Gamesmanship and Criminal Process
We first learn formal structures of rules, procedures, and norms of conduct through games and sports. These lessons illuminate and inform human behavior in other contexts, including the adversarial world of criminal litigation. As critiques of the legitimacy and fairness of the criminal justice system increase, the philosophy and jurisprudence of sport offer a comparative legal system to examine criminal litigation. Allegations of gamesmanship—the aggressive and strategic use of rules that violate some sense of decorum or culture yet remain within the formal rules of engagement—cut across both contexts. This Article examines what sports can teach us about gamesmanship in criminal litigation.
After distinguishing gamesmanship from cheating, this Article compares several examples of gamesmanship in sport and criminal litigation. These examples address the Crawford right of confrontation, the Brady obligation to disclose favorable evidence to the defendant, and the Batson prohibition against using race in jury selection. This Article uses the jurisprudence of sport to propose a framework within which to view these claims in the criminal justice context. Recognizing the asymmetrical nature of the adversarial criminal justice system and the dual role of prosecutors as advocates and ministers of justice, this Article argues that prosecutorial gamesmanship poses a different and more acute danger to the legitimacy of the criminal adjudication system than does such behavior by defense lawyers.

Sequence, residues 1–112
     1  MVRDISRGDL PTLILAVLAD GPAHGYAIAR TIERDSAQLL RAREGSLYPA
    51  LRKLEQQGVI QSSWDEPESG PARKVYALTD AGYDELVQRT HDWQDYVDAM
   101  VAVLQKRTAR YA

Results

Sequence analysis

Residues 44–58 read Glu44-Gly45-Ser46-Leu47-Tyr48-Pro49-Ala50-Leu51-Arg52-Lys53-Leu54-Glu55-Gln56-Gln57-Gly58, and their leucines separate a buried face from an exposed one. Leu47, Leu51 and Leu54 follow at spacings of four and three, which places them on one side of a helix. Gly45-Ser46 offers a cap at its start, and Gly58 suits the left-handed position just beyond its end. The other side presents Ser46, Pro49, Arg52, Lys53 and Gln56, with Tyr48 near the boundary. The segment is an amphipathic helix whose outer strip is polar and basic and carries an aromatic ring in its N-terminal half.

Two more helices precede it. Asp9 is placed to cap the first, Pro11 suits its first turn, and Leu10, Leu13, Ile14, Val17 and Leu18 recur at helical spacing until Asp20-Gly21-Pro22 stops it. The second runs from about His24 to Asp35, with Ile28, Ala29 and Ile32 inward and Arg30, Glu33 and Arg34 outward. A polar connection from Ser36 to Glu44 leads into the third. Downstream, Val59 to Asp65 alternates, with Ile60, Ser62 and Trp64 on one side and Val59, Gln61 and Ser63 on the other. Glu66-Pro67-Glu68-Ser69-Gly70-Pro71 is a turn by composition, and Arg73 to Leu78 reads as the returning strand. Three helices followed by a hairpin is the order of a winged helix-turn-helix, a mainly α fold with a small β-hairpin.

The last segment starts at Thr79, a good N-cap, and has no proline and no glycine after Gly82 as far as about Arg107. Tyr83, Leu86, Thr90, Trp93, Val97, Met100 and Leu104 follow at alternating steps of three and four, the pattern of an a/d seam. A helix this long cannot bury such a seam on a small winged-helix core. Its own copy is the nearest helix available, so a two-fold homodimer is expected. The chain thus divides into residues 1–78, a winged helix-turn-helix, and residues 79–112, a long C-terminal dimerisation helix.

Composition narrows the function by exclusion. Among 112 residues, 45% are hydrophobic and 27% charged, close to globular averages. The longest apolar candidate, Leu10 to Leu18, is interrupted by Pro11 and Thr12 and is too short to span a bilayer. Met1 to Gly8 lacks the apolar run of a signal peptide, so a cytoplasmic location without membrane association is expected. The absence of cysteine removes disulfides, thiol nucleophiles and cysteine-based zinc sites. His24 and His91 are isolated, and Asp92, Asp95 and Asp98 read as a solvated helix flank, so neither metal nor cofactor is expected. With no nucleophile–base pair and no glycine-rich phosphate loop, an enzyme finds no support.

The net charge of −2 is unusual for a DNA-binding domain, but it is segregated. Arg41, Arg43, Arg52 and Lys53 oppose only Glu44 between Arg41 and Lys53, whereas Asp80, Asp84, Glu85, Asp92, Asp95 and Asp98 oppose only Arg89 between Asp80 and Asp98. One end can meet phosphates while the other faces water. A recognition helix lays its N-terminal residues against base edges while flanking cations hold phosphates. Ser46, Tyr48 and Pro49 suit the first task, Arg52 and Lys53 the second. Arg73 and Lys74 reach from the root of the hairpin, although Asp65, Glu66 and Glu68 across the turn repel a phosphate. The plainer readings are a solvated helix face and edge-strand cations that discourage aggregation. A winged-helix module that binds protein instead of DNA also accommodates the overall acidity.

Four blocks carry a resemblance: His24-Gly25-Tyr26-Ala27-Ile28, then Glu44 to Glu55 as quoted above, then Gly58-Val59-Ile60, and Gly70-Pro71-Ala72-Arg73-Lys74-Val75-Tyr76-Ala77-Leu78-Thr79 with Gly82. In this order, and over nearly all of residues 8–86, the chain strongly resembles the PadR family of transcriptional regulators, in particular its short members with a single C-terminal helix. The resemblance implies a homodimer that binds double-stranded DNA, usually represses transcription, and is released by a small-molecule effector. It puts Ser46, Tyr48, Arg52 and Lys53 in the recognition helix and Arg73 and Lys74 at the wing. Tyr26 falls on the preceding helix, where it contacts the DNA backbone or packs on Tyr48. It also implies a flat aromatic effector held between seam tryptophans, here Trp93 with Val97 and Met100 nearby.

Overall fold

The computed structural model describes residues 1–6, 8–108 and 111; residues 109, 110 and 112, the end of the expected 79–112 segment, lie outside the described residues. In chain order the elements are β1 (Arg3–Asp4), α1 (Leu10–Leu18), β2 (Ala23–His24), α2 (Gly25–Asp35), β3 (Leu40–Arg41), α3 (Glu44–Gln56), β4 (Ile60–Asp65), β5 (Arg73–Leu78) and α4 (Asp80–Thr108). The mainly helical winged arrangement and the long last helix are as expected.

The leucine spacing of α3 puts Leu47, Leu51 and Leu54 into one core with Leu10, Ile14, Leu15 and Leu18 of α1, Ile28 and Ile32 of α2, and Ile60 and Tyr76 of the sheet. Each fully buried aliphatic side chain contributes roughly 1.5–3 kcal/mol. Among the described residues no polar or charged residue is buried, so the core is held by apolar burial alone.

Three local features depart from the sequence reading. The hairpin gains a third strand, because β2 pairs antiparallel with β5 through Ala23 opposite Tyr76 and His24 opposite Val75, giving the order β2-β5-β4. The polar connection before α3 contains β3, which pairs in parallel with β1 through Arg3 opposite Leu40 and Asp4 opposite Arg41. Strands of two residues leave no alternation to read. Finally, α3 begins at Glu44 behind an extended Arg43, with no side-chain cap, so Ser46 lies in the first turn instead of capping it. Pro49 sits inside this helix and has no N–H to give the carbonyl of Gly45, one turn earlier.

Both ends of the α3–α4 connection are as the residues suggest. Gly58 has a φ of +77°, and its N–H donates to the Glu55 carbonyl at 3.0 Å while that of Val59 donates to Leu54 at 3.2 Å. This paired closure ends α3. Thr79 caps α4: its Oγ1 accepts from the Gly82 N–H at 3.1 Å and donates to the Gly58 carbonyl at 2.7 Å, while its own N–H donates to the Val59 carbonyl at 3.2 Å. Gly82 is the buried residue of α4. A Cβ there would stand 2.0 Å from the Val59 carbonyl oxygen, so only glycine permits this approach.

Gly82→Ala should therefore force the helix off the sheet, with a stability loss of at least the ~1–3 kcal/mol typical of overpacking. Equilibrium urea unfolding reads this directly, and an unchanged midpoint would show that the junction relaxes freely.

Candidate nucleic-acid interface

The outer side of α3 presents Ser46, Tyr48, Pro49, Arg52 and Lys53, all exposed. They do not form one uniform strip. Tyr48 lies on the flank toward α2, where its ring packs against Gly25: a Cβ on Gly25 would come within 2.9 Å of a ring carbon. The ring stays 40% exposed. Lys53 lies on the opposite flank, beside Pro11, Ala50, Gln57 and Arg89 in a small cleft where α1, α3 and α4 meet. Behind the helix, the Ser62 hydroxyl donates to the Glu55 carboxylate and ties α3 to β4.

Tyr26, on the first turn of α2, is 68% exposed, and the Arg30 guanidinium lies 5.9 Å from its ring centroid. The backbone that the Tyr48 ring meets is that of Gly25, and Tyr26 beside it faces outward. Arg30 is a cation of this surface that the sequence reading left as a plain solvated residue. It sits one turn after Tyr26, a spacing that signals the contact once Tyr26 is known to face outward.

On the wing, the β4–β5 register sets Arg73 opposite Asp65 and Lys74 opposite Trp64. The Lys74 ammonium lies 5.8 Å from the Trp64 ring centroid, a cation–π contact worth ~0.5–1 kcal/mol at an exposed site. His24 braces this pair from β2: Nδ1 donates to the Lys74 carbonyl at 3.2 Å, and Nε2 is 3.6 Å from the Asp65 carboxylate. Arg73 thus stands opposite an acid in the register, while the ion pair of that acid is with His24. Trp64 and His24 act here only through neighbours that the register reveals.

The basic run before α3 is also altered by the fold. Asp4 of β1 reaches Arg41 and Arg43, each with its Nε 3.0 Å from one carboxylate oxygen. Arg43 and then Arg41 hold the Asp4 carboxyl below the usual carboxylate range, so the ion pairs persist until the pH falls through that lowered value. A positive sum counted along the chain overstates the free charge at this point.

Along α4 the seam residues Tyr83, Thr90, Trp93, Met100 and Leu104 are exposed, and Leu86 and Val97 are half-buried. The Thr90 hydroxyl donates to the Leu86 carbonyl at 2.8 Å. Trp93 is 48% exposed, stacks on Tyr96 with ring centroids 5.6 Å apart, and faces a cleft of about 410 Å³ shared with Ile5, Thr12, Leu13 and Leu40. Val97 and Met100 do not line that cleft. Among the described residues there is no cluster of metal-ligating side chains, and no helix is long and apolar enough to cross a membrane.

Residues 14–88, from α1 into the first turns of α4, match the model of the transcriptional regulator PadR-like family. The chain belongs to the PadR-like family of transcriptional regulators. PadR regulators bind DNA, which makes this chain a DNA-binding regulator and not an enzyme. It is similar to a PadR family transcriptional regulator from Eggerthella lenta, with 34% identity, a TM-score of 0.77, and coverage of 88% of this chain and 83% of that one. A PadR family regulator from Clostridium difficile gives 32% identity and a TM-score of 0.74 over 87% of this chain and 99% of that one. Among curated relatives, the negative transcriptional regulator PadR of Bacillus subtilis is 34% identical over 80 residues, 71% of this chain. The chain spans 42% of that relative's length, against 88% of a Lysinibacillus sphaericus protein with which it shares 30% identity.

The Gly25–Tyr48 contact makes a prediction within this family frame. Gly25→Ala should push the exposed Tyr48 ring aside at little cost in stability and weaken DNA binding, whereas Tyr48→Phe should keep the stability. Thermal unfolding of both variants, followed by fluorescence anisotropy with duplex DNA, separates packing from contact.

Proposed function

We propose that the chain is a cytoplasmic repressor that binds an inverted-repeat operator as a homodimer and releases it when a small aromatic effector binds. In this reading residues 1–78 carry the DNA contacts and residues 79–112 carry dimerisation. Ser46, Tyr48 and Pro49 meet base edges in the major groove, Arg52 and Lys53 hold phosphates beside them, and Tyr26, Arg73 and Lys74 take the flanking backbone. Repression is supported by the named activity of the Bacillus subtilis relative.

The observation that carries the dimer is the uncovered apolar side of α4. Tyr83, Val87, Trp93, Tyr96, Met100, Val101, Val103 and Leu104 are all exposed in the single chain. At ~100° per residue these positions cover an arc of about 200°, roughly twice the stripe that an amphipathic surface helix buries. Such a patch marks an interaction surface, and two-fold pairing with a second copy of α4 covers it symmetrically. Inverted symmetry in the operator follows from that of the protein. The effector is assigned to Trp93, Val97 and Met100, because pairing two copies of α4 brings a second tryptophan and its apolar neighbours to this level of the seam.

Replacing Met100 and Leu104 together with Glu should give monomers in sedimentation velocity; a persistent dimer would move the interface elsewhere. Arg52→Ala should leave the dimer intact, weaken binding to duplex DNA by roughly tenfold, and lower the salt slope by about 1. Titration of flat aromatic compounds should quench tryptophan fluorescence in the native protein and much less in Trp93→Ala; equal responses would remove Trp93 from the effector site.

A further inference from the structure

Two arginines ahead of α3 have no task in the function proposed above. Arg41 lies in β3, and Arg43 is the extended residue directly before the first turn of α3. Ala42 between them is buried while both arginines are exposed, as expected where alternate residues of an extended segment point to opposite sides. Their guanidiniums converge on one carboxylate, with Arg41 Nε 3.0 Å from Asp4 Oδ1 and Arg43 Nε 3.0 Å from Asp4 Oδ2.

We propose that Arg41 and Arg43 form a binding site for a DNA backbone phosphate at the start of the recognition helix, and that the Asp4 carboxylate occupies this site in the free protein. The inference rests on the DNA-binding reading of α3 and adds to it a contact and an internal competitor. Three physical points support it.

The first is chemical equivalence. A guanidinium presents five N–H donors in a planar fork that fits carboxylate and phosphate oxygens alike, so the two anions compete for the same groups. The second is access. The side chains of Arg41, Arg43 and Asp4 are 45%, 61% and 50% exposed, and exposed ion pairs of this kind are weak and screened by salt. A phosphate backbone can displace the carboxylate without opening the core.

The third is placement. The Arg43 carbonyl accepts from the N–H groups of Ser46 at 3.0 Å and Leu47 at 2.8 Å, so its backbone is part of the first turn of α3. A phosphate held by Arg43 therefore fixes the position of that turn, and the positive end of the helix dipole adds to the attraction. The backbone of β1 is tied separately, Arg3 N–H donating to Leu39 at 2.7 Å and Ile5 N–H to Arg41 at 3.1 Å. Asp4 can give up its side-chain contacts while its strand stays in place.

This Article concludes that gamesmanship is not only an inevitable part of any rule-based adversarial contest but also a positive and productive phenomenon that forces those invested in a system to define which values and objectives are fundamental to that system. Only when an instance of gamesmanship is inconsistent with these broader values or objectives should it be regulated or eliminated.Subscribe to ACLR